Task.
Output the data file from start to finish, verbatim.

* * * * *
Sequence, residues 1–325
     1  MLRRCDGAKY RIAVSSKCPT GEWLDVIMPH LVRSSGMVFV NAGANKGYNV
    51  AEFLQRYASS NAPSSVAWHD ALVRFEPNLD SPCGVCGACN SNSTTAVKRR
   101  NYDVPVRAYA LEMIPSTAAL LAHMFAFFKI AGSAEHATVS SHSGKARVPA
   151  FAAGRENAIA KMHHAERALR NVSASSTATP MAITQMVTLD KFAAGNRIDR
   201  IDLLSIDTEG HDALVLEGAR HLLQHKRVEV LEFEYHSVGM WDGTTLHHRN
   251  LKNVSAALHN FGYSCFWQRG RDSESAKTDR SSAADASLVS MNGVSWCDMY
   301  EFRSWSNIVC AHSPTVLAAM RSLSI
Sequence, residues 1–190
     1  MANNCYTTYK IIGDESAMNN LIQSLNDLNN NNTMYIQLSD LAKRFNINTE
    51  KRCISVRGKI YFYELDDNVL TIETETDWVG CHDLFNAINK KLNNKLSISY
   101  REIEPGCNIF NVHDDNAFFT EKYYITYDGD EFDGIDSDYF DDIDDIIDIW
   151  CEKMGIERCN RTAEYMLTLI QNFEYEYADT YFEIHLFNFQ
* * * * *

Sequence, residues 1–325
     1  MLRRCDGAKY RIAVSSKCPT GEWLDVIMPH LVRSSGMVFV NAGANKGYNV
    51  AEFLQRYASS NAPSSVAWHD ALVRFEPNLD SPCGVCGACN SNSTTAVKRR
   101  NYDVPVRAYA LEMIPSTAAL LAHMFAFFKI AGSAEHATVS SHSGKARVPA
   151  FAAGRENAIA KMHHAERALR NVSASSTATP MAITQMVTLD KFAAGNRIDR
   201  IDLLSIDTEG HDALVLEGAR HLLQHKRVEV LEFEYHSVGM WDGTTLHHRN
   251  LKNVSAALHN FGYSCFWQRG RDSESAKTDR SSAADASLVS MNGVSWCDMY
   301  EFRSWSNIVC AHSPTVLAAM RSLSI
Sequence, residues 1–190
     1  MANNCYTTYK IIGDESAMNN LIQSLNDLNN NNTMYIQLSD LAKRFNINTE
    51  KRCISVRGKI YFYELDDNVL TIETETDWVG CHDLFNAINK KLNNKLSISY
   101  REIEPGCNIF NVHDDNAFFT EKYYITYDGD EFDGIDSDYF DDIDDIIDIW
   151  CEKMGIERCN RTAEYMLTLI QNFEYEYADT YFEIHLFNFQ